Introducing the new face of Meet the Locals and a special green-feathered guest
Archived content: This media release was accurate on the date of publication.
IntroductionTwo new faces will take to the screen as they make their debut appearance on TVNZ’s Meet the Locals special Conservation Week episode on Monday.
Date: 10 September 2010
Two new faces will take to the screen as they make their debut appearance on TVNZ’s Meet the Locals special Conservation Week episode on Monday.
Department of Conservation (DOC) Threatened Fauna and Ecosystems Technical Officer James Reardon will share his passion for New Zealand and conservation in a special episode featuring the much loved kākāpō.
James Reardon and Stephen Horn filming with Manu the kākāpō at Anchor Island
James will take viewers to Anchor Island where he is joined by DOC Kākāpō Ranger Stephen Horn to check on Manu the kākāpō.
In the show, James talks about strategies to move bird populations back from remote islands to the mainland for all New Zealanders to enjoy and about the work that goes on to ensure threatened species, such as the kākāpō, survive.
“Kākāpō are an iconic New Zealand species and also a great conservation success story but it’s important for people to understand that the work behind this success can only continue if the public keep up their support,” James said.
DOC Kākāpō Programme Manager Deidre Vercoe said Conservation Week’s theme, Love New Zealand is a great opportunity to celebrate the Kākāpō Recovery Programme partnership and the people involved.
“This partnership between DOC, Rio Tinto Alcan and Forest and Bird celebrates its 20th anniversary this year – that’s a lot of love for one of New Zealand’s most iconic species,” Ms Vercoe said.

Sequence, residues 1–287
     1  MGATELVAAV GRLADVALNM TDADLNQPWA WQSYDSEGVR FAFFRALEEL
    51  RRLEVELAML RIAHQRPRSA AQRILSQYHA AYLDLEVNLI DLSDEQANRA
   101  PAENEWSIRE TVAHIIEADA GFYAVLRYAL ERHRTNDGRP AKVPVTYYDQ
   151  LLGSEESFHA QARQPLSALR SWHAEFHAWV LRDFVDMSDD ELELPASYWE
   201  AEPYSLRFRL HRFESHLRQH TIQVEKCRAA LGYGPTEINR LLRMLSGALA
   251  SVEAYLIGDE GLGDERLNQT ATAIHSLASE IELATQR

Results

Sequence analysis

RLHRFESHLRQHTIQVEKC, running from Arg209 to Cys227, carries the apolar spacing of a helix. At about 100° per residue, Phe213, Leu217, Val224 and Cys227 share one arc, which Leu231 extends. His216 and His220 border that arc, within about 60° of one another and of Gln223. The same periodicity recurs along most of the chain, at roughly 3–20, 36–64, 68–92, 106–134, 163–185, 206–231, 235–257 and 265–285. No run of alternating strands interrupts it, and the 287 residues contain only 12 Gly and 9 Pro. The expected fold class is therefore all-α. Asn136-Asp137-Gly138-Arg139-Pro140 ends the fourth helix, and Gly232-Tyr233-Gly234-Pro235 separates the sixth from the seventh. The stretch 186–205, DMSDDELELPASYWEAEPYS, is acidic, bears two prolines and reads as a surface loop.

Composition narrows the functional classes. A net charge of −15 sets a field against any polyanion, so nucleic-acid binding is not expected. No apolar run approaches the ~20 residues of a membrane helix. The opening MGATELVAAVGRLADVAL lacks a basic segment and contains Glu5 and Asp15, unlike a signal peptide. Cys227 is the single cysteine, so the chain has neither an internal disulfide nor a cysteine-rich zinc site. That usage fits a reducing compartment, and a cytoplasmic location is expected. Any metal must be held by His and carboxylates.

“We encourage the public to continue supporting Kākāpō Recovery and informative shows like Meet the Locals help us to raise awareness for kākāpō.”
The Meet the Locals Conservation Week special will play on TVNZ 6 on Monday, September 13 at 7pm and repeated on Tuesday 17 at 9pm and Thursday at 7.30pm.
James is a zoologist, ecologist and above all, a conservationist. He holds a PhD in ecology and has experience in conservation work in some of the world's most challenging environments. His passion for wildlife and their habitats has lead to him living and working in Wales, Alaska, Greece, Australia, Sri Lanka, Brazil, Thailand, Chile and England amongst others.
James also has a background in photography and cinematography. He has worked for the BBC's Natural History Unit and as the staff wildlife cinematographer for Oxford Scientific Films. He has worked on a number of award-winning documentaries and received an Emmy nomination for cinematography in 2004.
Conservation in partnership
DOC’s kākāpō recovery work is actively supported by a partnership involving Rio Tinto Alcan NZ, New Zealand Aluminium Smelters and Forest & Bird.
Signed over twenty years ago, the agreement is one of DOC’s longest running conservation partnerships and has already injected over $3.5 million towards breeding programmes and predator proof sanctuaries for the flightless parrot.
Its aim is to establish at least one self sustaining unmanaged population of kākāpō in a protected habitat and to establish two or more other populations which may require ongoing management.
The population of threatened birds has reached 122 – a crucial milestone and more than double the number of birds alive a little over a decade ago.